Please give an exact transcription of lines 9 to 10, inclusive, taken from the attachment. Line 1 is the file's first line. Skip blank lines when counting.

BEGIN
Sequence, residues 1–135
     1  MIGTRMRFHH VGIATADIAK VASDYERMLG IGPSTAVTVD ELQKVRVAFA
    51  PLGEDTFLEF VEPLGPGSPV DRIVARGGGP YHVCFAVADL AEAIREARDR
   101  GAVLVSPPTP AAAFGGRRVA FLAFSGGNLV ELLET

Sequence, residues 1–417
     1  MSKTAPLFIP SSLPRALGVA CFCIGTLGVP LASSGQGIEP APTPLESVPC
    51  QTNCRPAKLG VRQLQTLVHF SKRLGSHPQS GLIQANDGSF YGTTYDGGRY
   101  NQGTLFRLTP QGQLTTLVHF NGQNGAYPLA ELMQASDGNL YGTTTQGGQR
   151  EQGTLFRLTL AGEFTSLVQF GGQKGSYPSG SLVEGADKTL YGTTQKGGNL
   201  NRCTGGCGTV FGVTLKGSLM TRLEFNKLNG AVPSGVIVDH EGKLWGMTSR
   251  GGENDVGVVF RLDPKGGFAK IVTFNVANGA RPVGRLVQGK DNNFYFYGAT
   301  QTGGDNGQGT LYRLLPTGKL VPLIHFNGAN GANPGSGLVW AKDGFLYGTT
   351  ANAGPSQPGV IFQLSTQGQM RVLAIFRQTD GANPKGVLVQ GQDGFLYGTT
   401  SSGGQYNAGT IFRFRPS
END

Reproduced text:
   151  EQGTLFRLTL AGEFTSLVQF GGQKGSYPSG SLVEGADKTL YGTTQKGGNL
   201  NRCTGGCGTV FGVTLKGSLM TRLEFNKLNG AVPSGVIVDH EGKLWGMTSR